Book T of C
Chap T of C
This is the 2007 version. Click here for the 2017 chapter 01 table of contents.
Modern psychologists use several distinct approaches to the scientific study of behavior and mental processes:
What are four basic approaches used by psychologists?
Biological explanations are based on knowledge of living cells and organic systems. Brain scanning technologies have revolutionized research of this type. Scientists have increasingly detailed knowledge of cell interactions, chemical influences on the nervous system, and brain/behavior relationships.
Behavioral explanations emphasize relationships between the organism and its environment plus the organism's history of learning. The "environment" is conceived as stimulation that can be measured. The organism responds with behaviors that also can be measured. Behaviorists once confined their attention to exterior, observable behavior. Now most consider thoughts and emotions as "hidden behavior" which can be measured and manipulated almost like observable behavior.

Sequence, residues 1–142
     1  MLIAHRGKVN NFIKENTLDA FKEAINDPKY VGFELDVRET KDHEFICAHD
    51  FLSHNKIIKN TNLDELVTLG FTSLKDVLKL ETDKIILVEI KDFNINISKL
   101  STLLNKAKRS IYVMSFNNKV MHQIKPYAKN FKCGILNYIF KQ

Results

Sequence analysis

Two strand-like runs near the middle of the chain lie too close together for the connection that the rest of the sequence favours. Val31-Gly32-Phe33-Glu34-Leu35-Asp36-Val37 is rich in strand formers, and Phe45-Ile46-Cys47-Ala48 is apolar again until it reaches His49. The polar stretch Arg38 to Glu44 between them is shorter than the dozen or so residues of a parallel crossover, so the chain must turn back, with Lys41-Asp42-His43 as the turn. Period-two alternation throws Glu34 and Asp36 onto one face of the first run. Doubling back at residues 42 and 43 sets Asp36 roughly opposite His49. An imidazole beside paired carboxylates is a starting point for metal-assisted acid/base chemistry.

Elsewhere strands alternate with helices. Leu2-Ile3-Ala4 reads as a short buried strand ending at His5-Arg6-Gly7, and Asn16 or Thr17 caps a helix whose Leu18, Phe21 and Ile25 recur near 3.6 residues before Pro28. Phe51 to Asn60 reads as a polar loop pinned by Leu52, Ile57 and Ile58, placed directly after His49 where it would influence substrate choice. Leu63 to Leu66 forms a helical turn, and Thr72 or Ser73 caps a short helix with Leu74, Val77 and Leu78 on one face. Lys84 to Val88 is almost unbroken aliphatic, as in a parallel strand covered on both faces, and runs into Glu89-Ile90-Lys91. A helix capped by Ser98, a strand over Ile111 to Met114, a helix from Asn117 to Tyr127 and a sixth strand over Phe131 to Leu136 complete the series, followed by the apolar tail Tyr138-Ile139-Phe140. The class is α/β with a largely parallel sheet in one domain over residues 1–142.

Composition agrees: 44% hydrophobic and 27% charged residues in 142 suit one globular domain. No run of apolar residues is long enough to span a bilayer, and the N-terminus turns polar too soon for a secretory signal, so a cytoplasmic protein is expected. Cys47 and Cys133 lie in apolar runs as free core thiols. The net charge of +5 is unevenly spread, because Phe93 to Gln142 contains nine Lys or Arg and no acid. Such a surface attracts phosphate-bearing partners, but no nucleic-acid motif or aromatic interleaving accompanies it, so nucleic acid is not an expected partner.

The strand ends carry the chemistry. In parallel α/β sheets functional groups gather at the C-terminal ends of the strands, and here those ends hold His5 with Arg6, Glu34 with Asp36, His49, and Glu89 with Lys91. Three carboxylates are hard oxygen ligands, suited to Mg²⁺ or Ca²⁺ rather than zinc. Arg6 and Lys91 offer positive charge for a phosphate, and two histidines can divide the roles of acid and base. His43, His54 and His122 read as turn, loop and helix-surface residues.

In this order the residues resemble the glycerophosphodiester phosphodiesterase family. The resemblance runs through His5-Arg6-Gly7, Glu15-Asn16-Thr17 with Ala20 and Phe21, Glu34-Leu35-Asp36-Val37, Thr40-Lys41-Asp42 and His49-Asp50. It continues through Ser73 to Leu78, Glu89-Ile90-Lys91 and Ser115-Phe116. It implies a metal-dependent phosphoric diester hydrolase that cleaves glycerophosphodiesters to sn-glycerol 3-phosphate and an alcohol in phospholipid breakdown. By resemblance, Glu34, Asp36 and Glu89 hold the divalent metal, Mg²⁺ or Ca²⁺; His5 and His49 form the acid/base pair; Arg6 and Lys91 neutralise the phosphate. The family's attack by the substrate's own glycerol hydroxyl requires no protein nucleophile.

Cognitive approaches stress information processing. Cognitive psychologists study the mental representation of thoughts, images, knowledge, and emotions. The word "representation" refers to the brain's storage of memories, images, perceptions, thoughts, and other mental contents.
What is phenomenology?
Subjective approaches to psychology describe unique thoughts, feelings, and experiences of individuals. Subjective approaches include phenomenology (phe-NOM-in-OL-o-gy), which takes the individual's experience as a starting point. If we ask you to report how it feels to be reading this text, for example, that is an investigation of phenomenology.
How is psychology "by nature an integrative science"?
One might argue that all four perspectives are relevant to almost all areas of psychology. Anxiety, for example, can be studied as a biological response, a behavior, a thought process, or an experience. Psychology is by nature a very integrative science, employing a variety of perspectives on the same phenomena.
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Copyright © 2007-2011 Russ Dewey